Despite a lot of similarities, Asylum and City are completely distinct experiences. Arkham Asylum is smaller and more linear feel, while City is more open-world in its design. Similarities to both Metroid and Zelda abound. As you progress and obtain new gadgets, You’ll do a good amount of backtracking through previous areas and access the once inaccessible, especially if you’re willing to take on collecting and solving all of the Riddler challenges and collectibles. Both games will take you around 12 hours to complete, but it’ll feel much shorter than that, thanks to the excellent pacing the series is known for.
If you’re new to the Arkham games, the series is known for brilliantly mixing unique hand-to-hand combat with exciting stealth sections and some detective elements sprinkled in between. Combat has you using just the four face buttons to strike, counter, stun, and dodge. Attacking foe’s has you building up a combo meter that allows you to use finishing moves to take the goons out faster. It may seem simple, but the vast array of enemies and the various weapons they use will have you mixing things up. From baddies that use knives that you need to stun in order to hit to enemies that use tasers that need to be hit from behind, you’ll need to stay on your toes to keep Batman alive. As you fight foes and solve riddles, you gain XP that used to upgrade Batman for more finishing moves and Gadget abilities.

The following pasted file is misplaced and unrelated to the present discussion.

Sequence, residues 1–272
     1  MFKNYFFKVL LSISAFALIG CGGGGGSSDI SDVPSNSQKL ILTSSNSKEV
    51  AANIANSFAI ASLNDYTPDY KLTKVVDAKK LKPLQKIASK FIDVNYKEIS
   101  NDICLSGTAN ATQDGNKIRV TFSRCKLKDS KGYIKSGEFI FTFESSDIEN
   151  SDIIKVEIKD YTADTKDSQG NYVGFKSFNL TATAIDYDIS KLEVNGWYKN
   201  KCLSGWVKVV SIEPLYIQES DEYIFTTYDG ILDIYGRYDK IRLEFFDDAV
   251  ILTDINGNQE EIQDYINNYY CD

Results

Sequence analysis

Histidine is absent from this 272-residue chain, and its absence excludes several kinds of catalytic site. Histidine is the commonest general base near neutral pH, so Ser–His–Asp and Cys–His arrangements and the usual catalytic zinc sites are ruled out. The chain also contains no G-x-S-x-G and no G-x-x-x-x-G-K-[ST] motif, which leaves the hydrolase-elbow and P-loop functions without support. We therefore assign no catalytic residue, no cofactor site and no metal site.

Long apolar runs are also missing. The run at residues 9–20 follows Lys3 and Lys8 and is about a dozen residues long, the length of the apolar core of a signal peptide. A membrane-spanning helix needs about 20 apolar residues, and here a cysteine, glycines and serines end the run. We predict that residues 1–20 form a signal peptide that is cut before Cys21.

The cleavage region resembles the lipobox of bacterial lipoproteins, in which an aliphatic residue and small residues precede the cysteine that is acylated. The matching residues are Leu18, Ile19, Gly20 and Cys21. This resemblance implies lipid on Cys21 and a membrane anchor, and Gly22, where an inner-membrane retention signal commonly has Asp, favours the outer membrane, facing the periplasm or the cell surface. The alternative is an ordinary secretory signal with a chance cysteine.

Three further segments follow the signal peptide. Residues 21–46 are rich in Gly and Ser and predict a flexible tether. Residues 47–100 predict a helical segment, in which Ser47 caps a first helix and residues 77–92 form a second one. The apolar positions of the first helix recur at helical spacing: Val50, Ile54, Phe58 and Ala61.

The only real area in combat that’s a bit disappointing are some of the Boss fights. While Arkham City Improves greatly on these, most of the Asylums are pretty much “throw a Batarang while they run at you.” Another other grip is the Challenge rooms. They’re not bad but they’re mostly just throw away extra’s you’ll try once and won’t care to try again unless you’re into trophy/achievement hunting. You can put your score on a leaderboard, but everything doesn’t flow quite as well without the story pushing you forward.